Feline herpesvirus vaccination. Feline herpesvirus can lead to a contagious upper respiratory condition and other painful symptoms. Kittens require a distemper vaccination around 8 weeks of age, then 2 more doses about 3-4 weeks apart. Cats require revaccination after 1 year, then annually every 3 years.
Calicivirus vaccination. Calicivirus is a highly contagious upper respiratory condition in cats. Similar to feline herpesvirus, it can lead to painful conditions, like joint pain, oral ulcerations, fever, and even death. Kittens require a calicivirus vaccination around 8 weeks of age, then 2 more doses about 3-4 weeks apart. Cats then require another vaccination after 1 year, then every 3 years.
Non-core vaccines for Cats
Non-core vaccines are recommended to cats who live in areas that might put them at risk for certain diseases, as well as cats who are boarded frequently. The two most common non-core vaccines for cats include:
Feline leukemia vaccination. Feline leukemia is a virus that is transmitted from cat-to-cat that can lead to cancer and immunosuppression. Kittens who require a feline leukemia vaccination will need to be vaccinated around 8 weeks of age, then receive 2 more doses about 3-4 weeks apart. Adult cats will need an annual booster every 2 years, or every year for cats at a higher risk.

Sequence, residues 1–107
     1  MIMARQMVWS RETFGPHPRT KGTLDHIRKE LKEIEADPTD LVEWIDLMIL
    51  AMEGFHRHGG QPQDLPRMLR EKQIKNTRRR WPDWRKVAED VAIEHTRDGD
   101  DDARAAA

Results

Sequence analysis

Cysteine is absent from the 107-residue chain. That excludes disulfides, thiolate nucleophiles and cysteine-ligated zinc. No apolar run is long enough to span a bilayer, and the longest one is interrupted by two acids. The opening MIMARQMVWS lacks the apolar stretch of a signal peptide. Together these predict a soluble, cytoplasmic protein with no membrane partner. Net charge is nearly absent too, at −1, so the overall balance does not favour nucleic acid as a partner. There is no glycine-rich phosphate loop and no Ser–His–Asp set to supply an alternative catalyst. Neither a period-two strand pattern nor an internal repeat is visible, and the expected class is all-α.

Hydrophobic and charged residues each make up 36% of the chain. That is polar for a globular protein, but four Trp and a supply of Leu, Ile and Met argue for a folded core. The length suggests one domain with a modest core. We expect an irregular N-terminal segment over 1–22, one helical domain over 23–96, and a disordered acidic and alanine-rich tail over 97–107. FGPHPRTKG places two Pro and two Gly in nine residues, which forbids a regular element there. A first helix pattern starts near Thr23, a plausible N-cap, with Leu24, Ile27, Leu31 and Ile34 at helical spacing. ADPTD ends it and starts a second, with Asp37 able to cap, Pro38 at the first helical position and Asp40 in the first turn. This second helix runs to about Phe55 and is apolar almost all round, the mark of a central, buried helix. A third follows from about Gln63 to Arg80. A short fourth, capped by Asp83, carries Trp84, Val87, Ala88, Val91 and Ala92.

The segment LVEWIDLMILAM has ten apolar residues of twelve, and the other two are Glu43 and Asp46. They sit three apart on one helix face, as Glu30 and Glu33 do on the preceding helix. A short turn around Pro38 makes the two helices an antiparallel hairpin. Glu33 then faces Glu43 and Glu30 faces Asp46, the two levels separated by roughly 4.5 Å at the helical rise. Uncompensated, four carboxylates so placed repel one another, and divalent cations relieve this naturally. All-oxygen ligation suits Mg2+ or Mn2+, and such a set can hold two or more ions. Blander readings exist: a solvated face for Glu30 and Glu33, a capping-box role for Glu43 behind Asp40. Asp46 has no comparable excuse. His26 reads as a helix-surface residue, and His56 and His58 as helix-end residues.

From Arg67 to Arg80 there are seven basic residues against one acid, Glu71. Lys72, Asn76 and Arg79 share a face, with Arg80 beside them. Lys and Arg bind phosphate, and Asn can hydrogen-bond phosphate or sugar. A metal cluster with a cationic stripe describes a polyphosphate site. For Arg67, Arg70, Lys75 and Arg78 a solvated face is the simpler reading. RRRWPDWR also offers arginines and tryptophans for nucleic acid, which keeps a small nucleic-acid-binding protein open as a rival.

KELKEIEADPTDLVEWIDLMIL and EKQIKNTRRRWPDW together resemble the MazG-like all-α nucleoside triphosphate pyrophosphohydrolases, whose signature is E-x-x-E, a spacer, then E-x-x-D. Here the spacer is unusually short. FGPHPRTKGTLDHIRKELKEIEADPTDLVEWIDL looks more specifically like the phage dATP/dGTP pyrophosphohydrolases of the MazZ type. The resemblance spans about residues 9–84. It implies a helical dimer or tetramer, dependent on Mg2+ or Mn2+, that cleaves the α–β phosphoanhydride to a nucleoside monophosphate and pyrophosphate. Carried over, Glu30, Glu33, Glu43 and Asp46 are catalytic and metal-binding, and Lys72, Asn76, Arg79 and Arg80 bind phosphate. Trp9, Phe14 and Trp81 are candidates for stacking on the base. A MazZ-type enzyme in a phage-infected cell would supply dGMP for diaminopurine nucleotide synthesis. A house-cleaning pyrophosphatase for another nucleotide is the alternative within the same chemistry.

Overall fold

Determining the exact vaccines to give your pet will depend on a variety of conditions, like lifestyle, geographic area, and the pet’s health. We recommend that all cats and dogs receive all of their core vaccinations. We can help you determine which non-core vaccinations your pet might need during our routine pet wellness exams. Learn more about pet vaccinations at Wilkinson Animal Hospital today, call (704) 824-9876.